Going back to 1987, when IGBP was created, there was much we did not know about our home planet. The discipline of Earth-system science – the study of Earth as a connected system – was in its infancy, having been proposed by NASA in its ‘Bretherton Reports’ (1). The modern era of satellite observations had only recently begun; scientific disciplines as well as the international community were much less integrated than they are today. The models that Earth scientists used to describe Earth’s behaviour and its future changes were much more “component-based”. Moreover, the international assessments that help to unite the community and distil enormous amounts of information into forms usable for scientists and policymakers were just getting under way: the WMO/UNEP ozone assessments did not gather steam until the mid-1980s, whereas the IPCC was not set up until 1988. That we find ourselves in a very different situation today is due in no small part to the efforts of the IGBP scientific community.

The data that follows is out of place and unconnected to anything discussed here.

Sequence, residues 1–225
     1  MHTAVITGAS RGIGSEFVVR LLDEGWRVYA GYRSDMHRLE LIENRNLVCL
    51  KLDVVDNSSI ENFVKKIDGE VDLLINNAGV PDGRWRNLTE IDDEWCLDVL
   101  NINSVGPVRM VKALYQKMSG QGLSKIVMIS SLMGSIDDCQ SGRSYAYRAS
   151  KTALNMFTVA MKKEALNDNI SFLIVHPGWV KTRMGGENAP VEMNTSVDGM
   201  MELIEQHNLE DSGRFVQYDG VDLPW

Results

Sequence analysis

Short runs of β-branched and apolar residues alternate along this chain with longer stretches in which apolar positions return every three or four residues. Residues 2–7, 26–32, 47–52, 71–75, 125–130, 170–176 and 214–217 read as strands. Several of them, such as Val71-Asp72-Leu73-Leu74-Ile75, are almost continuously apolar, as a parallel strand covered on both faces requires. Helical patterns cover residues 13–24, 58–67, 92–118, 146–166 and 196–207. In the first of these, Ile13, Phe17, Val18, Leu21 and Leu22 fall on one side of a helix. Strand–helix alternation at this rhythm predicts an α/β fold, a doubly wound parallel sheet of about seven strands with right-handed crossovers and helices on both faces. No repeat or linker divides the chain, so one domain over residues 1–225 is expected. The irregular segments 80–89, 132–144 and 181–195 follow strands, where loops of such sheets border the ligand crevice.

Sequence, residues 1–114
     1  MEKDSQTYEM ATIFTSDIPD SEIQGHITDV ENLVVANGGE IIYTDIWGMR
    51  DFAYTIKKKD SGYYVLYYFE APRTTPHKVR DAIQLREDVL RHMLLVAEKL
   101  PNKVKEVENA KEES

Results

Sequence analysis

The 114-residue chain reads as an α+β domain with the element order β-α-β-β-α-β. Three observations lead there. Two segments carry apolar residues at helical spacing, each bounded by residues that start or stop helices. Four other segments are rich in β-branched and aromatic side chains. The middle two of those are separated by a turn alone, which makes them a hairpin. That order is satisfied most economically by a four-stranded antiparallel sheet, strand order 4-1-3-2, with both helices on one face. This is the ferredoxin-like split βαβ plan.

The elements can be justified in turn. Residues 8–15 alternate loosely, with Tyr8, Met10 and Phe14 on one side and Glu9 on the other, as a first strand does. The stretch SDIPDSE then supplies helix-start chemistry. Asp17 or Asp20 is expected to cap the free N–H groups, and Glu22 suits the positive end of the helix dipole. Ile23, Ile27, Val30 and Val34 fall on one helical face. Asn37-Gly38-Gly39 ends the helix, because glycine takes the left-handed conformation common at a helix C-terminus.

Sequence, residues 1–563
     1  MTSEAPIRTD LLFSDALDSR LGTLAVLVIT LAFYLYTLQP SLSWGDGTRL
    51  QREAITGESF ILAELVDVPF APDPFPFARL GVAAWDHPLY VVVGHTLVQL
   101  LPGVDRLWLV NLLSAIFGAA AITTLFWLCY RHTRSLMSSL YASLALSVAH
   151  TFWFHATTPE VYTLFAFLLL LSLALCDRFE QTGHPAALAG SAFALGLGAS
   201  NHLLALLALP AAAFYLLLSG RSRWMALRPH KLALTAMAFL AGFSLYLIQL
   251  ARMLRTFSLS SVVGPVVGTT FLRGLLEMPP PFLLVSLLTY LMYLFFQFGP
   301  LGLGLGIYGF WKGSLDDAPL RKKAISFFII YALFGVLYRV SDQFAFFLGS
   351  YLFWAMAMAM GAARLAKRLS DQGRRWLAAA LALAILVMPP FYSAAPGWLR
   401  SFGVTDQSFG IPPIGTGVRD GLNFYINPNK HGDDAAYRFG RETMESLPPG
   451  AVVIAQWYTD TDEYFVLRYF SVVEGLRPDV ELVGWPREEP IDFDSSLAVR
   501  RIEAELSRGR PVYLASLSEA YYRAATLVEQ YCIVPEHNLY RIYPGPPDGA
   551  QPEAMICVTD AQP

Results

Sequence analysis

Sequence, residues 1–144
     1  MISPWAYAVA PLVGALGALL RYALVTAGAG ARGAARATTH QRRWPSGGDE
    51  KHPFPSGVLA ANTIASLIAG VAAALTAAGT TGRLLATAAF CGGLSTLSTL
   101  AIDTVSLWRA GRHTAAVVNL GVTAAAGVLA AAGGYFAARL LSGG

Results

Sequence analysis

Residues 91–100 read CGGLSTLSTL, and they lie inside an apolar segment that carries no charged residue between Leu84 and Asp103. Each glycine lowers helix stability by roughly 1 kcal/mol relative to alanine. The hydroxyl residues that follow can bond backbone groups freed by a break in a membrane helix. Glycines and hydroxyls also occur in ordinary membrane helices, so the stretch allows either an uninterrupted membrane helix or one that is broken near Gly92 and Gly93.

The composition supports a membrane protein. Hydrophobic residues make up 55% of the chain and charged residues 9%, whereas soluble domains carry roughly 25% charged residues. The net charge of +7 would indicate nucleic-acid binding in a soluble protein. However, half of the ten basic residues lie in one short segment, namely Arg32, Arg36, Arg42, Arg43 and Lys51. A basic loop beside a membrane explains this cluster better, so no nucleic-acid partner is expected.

The iconic images of Earth beamed back by the earliest spacecraft helped to galvanise interest in our planet’s environment. The subsequent evolution and development of satellites for Earth observation has been intricately linked with that of IGBP and other global-change research programmes, write Jack Kaye and Cat Downy.
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